The school tried to accommodate whatever Pieper needed to help her succeed.

“She would have trouble even at a family dinner, with people conversing, because of the background noise,” said Pieper’s mother, Leslie. “That was difficult. It took a little bit to adjust to the one eye, I think she did a great job adjusting and getting through. 

“She had all A’s before (the injury), so they knew her work ethic, so that helped with them giving a little more leeway. She didn’t ask for any special treatment except for not sitting in the louder classes.”

But the journey was possibly just as big of a struggle mentally. For more than two months, Pieper had not experienced any progress in regaining her vision in her right eye. The result was extreme frustration with what seemed like a failing process. 

Then came something of a turning point in February. In an attempt to boost her spirits, Pieper’s doctors allowed her to skate on the ice with her hockey team. No contact, of course.

And it worked in changing her mindset.

“It felt like a breath of fresh air,” Pieper said. “That’s when I started to really work hard during my therapy because I was like, ‘This is what I need to work hard at, and if I have the opportunity to do it again, I want to do this again.’ So that’s when I started to step up my intensity of therapy.”

Breakthrough and recovery

It was about 2 1/2 months later, in March, when her vision finally started to return. The post-concussion symptoms were still prevalent, but there seemed to at least be an end in sight.

As Jeff tells it, there were little milestones. The bright lights Pieper could only see initially turned into big bold letters, then to smaller letters, then colors and then being able to track things with her eye.

“With all of the obstacles, the determination and the perseverance … in my world, she defines a hockey player,” Jeff said.

And then, one spring day, out of nowhere, it actually happened.

It’s pretty easy for Pieper to remember the date when her full vision returned: April 19.

“I started to get a little bit of vision, and then from there it really took off,” Pieper said. “For the last few weeks, it was blurry and then it came back. It was progressively just getting better.”

Pieper also got a boost mentally when she read how similar her story was to USA women’s hockey star Amanda Kessel. Kessel suffered concussion-like symptoms similar to Pieper – the headaches, light sensitivity – and spent 18 months away from the ice.  

Pieper and her family constantly referred to the website of Kessel’s doctor, Micky Collins, for information throughout the entire process. 

Finally, back to the pitch

All of her doctors, and Williamston’s trainer, officially cleared Pieper to play two weeks after her full vision returned. That’s when she started for the Hornets in their May 4 soccer game against Haslett.

It wasn’t just any game, though. Haslett was ranked No. 3 in Division 2 at the time, and – like Williamston – is playing in the state semifinals on Wednesday night. And unlike the other hockey and soccer games from December to April that Pieper had circled on her calendar with the hopes of returning, this one was actually happening.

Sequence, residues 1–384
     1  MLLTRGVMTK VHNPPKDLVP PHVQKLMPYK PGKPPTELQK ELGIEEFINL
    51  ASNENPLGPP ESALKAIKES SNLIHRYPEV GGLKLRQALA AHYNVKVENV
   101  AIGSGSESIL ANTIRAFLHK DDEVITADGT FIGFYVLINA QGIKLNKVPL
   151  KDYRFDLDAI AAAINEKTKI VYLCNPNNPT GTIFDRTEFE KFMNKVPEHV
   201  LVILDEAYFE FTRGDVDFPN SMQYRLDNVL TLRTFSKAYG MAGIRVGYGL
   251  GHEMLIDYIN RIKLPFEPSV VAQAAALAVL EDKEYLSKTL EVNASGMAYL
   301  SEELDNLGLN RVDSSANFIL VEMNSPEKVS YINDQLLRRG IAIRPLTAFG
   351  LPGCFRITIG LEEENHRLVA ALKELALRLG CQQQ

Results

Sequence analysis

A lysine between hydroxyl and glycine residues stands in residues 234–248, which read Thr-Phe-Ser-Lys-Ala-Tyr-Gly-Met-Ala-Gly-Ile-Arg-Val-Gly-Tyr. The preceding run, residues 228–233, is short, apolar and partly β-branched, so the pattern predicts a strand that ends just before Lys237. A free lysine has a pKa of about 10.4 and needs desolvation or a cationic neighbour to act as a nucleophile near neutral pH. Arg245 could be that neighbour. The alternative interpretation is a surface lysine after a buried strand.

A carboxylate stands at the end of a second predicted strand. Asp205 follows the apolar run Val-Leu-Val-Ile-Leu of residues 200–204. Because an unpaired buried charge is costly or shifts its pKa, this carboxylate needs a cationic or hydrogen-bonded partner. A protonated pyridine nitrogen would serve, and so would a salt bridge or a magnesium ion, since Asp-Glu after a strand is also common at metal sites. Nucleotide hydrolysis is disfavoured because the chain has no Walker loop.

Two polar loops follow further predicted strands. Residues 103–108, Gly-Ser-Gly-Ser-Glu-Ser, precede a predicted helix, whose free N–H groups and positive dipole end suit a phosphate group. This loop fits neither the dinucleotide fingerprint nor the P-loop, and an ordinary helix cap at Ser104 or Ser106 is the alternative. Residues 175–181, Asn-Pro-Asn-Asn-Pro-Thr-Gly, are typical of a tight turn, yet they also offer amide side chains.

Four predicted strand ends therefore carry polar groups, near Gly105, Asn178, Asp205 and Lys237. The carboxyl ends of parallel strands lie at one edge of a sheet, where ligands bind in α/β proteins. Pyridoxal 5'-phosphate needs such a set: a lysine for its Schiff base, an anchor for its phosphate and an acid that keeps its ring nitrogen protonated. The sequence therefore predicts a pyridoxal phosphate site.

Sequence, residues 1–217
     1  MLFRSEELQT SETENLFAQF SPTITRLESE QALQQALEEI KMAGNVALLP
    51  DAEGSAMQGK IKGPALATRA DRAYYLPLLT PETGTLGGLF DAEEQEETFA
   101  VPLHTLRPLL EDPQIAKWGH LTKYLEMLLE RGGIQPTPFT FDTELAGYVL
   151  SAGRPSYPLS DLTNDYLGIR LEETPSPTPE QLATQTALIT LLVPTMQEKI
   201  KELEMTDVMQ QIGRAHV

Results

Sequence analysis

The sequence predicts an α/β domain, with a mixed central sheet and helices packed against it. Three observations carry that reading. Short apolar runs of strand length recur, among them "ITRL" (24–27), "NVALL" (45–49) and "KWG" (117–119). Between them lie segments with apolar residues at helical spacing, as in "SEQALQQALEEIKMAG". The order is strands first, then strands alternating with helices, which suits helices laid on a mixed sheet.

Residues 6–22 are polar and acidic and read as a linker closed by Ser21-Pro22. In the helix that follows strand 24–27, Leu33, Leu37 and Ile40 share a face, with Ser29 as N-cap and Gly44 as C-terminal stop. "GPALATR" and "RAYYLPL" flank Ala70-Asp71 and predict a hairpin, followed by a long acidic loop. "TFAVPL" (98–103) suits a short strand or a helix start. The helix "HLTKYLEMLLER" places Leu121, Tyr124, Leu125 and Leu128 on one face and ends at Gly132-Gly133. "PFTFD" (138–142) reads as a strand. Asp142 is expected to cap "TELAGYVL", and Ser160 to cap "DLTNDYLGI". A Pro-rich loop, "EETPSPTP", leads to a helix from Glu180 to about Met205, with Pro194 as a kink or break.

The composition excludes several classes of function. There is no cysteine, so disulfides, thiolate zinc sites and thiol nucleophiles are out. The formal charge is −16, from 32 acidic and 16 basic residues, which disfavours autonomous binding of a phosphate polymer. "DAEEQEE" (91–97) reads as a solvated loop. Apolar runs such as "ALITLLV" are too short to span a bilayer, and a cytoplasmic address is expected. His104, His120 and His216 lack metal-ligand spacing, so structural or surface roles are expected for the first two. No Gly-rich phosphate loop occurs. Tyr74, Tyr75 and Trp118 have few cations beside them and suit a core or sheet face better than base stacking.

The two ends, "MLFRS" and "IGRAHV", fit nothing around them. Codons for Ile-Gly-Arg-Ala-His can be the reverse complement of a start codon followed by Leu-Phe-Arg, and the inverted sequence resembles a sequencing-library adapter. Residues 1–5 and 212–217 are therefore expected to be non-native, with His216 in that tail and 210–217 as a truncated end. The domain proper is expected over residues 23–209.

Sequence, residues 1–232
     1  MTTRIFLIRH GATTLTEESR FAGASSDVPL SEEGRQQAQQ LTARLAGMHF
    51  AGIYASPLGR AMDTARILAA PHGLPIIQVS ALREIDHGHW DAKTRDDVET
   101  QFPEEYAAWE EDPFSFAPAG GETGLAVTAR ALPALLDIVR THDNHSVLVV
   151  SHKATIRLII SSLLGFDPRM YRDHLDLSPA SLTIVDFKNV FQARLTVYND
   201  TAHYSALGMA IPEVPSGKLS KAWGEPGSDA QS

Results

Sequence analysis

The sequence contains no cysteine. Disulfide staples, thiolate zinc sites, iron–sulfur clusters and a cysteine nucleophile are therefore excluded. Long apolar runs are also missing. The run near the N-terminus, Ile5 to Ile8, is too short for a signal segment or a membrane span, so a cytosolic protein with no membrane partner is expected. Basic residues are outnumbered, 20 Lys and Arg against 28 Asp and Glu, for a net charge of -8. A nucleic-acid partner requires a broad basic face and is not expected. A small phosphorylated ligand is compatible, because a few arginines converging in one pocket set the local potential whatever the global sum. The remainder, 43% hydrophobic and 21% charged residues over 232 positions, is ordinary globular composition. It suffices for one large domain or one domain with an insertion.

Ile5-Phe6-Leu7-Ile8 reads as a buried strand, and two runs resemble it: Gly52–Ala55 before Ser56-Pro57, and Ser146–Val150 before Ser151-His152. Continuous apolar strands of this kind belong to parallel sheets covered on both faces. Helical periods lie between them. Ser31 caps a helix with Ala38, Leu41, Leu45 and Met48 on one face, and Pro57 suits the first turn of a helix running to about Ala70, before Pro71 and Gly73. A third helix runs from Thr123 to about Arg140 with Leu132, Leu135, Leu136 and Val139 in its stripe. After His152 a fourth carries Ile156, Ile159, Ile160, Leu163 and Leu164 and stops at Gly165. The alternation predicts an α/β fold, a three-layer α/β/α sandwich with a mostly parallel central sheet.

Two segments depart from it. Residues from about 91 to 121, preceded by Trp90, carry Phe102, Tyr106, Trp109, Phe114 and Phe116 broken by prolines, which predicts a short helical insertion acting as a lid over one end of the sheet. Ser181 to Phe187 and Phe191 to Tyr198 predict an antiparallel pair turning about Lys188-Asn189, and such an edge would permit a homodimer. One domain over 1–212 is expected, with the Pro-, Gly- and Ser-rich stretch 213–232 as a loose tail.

And not only did the Hornets win, but they didn’t allow a goal, winning 1-0.

“That’s her personality. She wanted that game so bad,” said Williamston coach Steve Horn. “That was the game she wanted to be back for. Things lined up perfectly so she could get back.”

Since Pieper’s return, the Hornets are 8-1, with that loss coming in a shootout. 

In last year’s state semifinal, a 1-0 loss to Detroit Country Day, Pieper made 11 saves to keep Williamston close. With the top-ranked Hornets taking on third-ranked Pontiac Notre Dame Prep at 8 p.m. Wednesday at Parker Middle School in Howell, Pieper might be called upon again for a key save.

But she’ll be ready. Horn, her teammates, her parents and everybody else knows it.

“I love her mentality,” Horn said. “She has a bulldog mentality. Abby is a big-game keeper.”

Return to hockey?

Once the soccer season ends, Pieper is planning to begin playing hockey again later in the summer. She’s still chasing the dream of playing college hockey.

Pieper says she’ll need to be 100% mentally ready for it before she steps back on the ice. Her parents might be a little more nervous about it, but sports have always been Pieper’s life. 

“If we took sports away from her, she wouldn’t be the same person,” Leslie said. “At this point, I think that would hurt her more.

“I just want her to succeed at whatever she chooses.”

Whether she does or doesn’t play hockey, Pieper is taking everything as a game-by-game approach.

“I’m lucky to even be playing soccer this season,” she said. “Every game I get to play, I’m thankful for everything.”

Contact digital sports reporter Phil Friend at 517-377-1220 or [email protected] Follow him on Twitter @Phil_Friend.